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UNLAWFUL AND HUMILIATING PIP TELEPHONE ASSESSMENTS
We’ve looked at almost 400 responses given between June and November in our ongoing PIP telephone assessment survey.
The horror stories are, if anything, even worse than they were in May of this year.
Some problems have improved, some have got worse.
But it’s the breaches of confidentiality, the hectoring and the weaselly questions that have left a real impression.
There was a trainee listening in and she had two people walk through the room sniggering at bowel and bladder questions
Was asked to make noises like I make while in pain, felt humiliated and degraded
I heard sniggering and muffled laughter and a mobile phone ring which was answered and not by interviewer
Still trying to work out why assessor asked ‘How often do you change your underwear’!
. . . after having to give humiliating answers about myself and my disabilities/illnesses, I heard a man’s voice and then shortly after I heard a small excitable child’s voice!
The form asks if you can make a simple meal. When I replied that I could not, he asked “So can you boil an egg then?”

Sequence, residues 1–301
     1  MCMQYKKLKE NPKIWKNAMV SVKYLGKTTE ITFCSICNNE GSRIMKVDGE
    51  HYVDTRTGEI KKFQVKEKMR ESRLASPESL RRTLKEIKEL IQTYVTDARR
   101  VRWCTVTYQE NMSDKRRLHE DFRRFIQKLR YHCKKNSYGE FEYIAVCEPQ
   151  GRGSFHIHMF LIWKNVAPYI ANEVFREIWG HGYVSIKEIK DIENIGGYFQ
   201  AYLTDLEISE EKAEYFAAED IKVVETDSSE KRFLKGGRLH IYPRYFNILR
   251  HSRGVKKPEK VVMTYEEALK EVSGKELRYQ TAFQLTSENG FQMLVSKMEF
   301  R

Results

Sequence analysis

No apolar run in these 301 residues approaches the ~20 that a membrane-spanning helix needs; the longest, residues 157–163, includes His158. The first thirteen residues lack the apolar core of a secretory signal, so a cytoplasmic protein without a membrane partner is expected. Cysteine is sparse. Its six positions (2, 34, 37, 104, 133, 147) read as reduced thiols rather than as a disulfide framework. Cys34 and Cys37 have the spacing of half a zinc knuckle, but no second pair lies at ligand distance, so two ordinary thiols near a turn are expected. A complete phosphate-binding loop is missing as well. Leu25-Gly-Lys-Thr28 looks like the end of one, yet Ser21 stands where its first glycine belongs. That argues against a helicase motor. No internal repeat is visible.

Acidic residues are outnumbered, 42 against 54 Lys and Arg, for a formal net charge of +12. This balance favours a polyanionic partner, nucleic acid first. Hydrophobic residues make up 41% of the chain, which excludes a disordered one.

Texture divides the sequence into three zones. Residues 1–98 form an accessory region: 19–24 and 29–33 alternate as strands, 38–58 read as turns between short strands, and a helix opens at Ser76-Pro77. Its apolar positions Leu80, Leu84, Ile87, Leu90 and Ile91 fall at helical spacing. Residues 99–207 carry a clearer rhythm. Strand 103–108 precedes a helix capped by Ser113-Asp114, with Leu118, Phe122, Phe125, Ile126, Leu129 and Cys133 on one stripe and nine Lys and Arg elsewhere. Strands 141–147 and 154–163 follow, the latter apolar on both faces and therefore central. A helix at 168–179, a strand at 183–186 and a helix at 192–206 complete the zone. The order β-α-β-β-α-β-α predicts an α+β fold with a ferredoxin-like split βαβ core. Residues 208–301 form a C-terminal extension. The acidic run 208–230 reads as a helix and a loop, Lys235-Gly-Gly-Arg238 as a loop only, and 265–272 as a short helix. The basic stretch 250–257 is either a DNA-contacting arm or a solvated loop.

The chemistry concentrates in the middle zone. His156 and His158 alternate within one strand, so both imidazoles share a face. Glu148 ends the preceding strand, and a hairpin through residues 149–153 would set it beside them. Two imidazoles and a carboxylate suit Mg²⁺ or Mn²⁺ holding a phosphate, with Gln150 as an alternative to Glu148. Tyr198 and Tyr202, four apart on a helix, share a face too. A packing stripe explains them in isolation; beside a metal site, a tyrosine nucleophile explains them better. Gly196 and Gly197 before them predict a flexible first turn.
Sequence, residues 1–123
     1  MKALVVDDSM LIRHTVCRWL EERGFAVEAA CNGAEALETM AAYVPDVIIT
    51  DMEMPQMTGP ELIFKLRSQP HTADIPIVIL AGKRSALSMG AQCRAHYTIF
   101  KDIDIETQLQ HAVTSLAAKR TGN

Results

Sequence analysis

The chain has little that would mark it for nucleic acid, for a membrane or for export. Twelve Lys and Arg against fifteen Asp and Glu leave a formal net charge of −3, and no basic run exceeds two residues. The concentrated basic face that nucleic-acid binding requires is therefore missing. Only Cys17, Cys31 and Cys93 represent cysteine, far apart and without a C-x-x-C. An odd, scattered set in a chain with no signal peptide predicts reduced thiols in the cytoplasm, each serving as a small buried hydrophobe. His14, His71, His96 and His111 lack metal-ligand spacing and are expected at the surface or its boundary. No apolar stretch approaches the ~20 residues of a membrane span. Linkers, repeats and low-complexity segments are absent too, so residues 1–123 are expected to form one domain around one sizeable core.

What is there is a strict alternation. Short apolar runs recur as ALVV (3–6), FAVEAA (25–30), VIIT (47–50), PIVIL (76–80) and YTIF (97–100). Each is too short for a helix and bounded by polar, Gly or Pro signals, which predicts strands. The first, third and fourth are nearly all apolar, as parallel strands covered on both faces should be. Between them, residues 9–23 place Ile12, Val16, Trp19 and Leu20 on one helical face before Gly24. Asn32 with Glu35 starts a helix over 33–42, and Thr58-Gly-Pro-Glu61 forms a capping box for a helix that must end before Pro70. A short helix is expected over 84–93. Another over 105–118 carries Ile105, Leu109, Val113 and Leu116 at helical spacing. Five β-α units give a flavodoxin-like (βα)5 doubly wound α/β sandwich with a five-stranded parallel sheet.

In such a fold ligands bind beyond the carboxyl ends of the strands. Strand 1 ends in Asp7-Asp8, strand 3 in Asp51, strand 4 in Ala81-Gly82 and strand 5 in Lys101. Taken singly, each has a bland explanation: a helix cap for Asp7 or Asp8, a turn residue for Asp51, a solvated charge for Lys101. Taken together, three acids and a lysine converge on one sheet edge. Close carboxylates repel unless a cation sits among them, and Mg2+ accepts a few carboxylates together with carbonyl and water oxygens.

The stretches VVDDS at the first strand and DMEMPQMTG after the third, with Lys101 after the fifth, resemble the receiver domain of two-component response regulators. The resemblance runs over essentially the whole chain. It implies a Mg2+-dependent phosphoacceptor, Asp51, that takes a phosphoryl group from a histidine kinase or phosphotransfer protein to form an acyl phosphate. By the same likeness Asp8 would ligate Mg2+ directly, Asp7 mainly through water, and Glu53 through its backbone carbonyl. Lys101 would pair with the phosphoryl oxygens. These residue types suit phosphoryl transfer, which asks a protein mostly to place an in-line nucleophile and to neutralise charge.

My son has many mental health problems. Has ME and is autistic. But he [the assessor] made silly jokes and seemed to be making fun out of things written in his autism report.
But they wanted to know, if my husband got the ready meal out of the fridge and gave it to me, if I sat next to the microwave, could I put it in the microwave.
The assessor was relentless and the more I cried and became distressed he would just repeat “I have to do this, I have to ask these questions”.
If you are a Benefits and Work subscriber we would strongly encourage you to consult the PIP claims guide well before your telephone assessment.
It includes warnings of 10 problems to be ready for if you have a PIP telephone assessment, as well as details of the type of questions that are likely to be asked, assumptions that may be made and much more.
But we are urging all claimants to ask to have their assessment recorded and to strongly consider covertly recording it themselves, just in case the official record somehow gets mislaid.